When it was announced that Franz Welser-Möst would be taking over for Dohnányi in 2002, I admit I was shocked. Not long after, I went to a concert under the new direction. The difference in energy was noticeable. It wasn't as exciting or captivating, and I remember hearing similar complaints from friends. There was a reason why good old Franz Welser-Möst earned the nickname "Worse-than-Most" among us.
So, in summary, I agree with you, Don Rosenberg. I knew what you meant when you said, in your review of a performance of a Mozart symphony, that "the key of C had never sounded so mirthless." I hope everything works out for you. It's good to know there are people out there who still refuse to sacrifice honesty and integrity.
Saturday, September 20, 2008
We spent some time earlier running errands. I also re-filled the bird feeders, pruned the tomatoes a bit and yanked out a few errant weeds. Around 4:00 we settled down in the backyard with some Great Lakes Commodore Perry IPA. (Wegmans, Aman's and Herrema's are all carrying Great Lakes beer, which is very close to my heart. Seems their distribution problems are over!)
Autumn is both Ryan's and my favorite season. We are both looking forward to the Fall migration period, changing leaves, soups, stews, braises, and our Harvest Party, which we've started to plan. We're hoping to host a gathering in early October to honor our favorite time of year.
Friday, September 19, 2008
1. I make pretty accurate-sounding monkey noises to get the cats all riled up. Oooo-ooo-ahh-ahh!
2. Too much wine gets ME all riled up.
3. I must make the bed every night before going to sleep, no exceptions. I'm obsessive-compulsive about it.
4. I cry when I laugh too hard. Really, I mean seriously crying. It's like some weird switch gets flipped because I'm wired so strangely.
5. Ryan thinks a I sound like a seal when I laugh hard.
6. I treat gardening, birding, and all outdoor things as religious experiences.
7. I've been to both Australia and New Zealand. I think that's pretty interesting.
Thursday, September 18, 2008
Friday, September 12, 2008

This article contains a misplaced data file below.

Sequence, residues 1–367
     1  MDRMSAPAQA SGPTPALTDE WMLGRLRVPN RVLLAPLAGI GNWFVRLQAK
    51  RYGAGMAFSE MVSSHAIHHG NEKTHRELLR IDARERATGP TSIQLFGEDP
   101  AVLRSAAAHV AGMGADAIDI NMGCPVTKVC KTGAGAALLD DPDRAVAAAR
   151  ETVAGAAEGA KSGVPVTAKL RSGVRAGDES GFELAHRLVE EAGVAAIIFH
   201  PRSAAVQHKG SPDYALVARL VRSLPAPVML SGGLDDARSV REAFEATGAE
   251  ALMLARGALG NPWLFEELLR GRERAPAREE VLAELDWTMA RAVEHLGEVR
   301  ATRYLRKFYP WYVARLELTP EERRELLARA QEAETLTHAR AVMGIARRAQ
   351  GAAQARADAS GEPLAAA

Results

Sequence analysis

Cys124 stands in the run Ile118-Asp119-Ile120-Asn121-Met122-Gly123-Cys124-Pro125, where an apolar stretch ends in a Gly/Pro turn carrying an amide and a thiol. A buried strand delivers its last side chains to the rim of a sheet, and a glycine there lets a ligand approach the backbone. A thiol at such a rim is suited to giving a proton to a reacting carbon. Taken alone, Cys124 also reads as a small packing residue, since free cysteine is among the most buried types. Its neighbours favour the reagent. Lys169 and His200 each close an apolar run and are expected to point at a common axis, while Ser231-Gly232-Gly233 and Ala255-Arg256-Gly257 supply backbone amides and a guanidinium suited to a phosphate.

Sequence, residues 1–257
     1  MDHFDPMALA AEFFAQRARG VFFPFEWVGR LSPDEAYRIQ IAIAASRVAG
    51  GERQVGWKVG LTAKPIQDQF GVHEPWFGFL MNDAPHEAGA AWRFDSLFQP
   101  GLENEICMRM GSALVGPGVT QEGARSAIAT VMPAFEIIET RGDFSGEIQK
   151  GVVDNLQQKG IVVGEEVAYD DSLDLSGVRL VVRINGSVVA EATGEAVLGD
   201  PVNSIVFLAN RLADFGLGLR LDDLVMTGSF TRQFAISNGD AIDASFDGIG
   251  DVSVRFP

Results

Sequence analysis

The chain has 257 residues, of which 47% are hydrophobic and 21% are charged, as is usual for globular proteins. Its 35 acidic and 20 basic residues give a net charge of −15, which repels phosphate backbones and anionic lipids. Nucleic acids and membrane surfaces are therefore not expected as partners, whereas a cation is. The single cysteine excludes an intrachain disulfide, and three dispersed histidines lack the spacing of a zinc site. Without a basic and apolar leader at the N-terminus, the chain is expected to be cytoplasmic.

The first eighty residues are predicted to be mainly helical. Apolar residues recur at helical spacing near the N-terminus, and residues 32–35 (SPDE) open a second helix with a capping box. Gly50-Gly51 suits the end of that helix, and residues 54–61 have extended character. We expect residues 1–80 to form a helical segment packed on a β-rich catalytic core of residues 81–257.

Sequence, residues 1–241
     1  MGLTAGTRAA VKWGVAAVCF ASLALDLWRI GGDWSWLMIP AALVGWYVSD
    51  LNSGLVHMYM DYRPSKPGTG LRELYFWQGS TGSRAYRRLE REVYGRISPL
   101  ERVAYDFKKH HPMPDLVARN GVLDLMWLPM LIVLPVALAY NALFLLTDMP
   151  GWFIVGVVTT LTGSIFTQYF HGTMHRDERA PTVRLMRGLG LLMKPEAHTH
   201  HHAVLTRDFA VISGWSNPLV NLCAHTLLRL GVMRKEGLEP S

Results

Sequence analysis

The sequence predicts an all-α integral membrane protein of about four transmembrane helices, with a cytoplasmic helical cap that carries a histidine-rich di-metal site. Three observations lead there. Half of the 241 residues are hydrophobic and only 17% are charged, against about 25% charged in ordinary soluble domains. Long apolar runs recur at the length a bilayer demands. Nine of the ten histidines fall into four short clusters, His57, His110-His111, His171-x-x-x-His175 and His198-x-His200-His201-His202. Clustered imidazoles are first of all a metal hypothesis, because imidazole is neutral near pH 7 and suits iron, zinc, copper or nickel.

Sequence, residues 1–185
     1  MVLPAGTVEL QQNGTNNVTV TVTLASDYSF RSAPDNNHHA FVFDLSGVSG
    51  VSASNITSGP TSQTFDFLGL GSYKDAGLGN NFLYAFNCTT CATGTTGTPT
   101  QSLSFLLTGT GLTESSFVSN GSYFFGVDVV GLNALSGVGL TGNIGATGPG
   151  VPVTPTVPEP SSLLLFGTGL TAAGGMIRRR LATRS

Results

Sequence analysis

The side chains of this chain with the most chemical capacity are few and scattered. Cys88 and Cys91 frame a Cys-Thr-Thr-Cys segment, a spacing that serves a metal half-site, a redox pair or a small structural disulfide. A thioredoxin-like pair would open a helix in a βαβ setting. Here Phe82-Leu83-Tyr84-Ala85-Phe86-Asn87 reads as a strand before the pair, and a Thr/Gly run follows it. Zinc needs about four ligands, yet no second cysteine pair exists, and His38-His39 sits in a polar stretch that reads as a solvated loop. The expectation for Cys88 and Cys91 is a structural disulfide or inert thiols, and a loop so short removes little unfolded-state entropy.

Wednesday, September 10, 2008
Monday, September 08, 2008
When I wasn't indulging in the many Pale Ales that kept showing up in my hand somehow (even people I barely knew were buying me beers!), I was doing a lot of picture-taking of the band, and of the friends who attended the show.
I love how the lights are swirling around in some of these shots. It's almost an exact pictorial representation of my slightly inebriated, happy state of mind at the time.
Last weekend, I tagged along with Ryan and the other guys to the Turtle Hill Folk Festival. There was something serenely relaxing about sitting in a church pew listening to the band while casually thumbing through the Presby hymnal in front of me. Maybe it was because I never get to sit in a church pew and meditate because I'm always sitting behind the piano instead.
Sunday, September 07, 2008
We had some lovely appetizers, but the main course of surf and turf was a real hit.
Saturday, September 06, 2008
Friday, September 05, 2008
I took this photo* a few weeks ago. This was the view of a protected nesting site in the Cape May Migratory Bird Refuge. I love how three-dimensional the clouds look in contrast with the flat beach.
[*at the suggestion of a commenter, I enlarged it and re-posted.]
Thursday, September 04, 2008
I got home from work at the usual time. I walked in through the back door, into the kitchen, and set my purse and lunch bag down on the kitchen table. Isabel mewed at me so I gave her some love and then wandered into the dining room to look through the mail.
Me: "The RG&E bill AGAIN?? I just paid this! I can't believe we're getting ANOTHER bill!"
Ryan: [grunts from his office]
Me: [sigh as I open the bill]
What I see nearly takes my breath away: Total Natural Gas Cost........$8,714.73.
That's right, $8,714.73. That's almost NINE THOUSAND DOLLARS.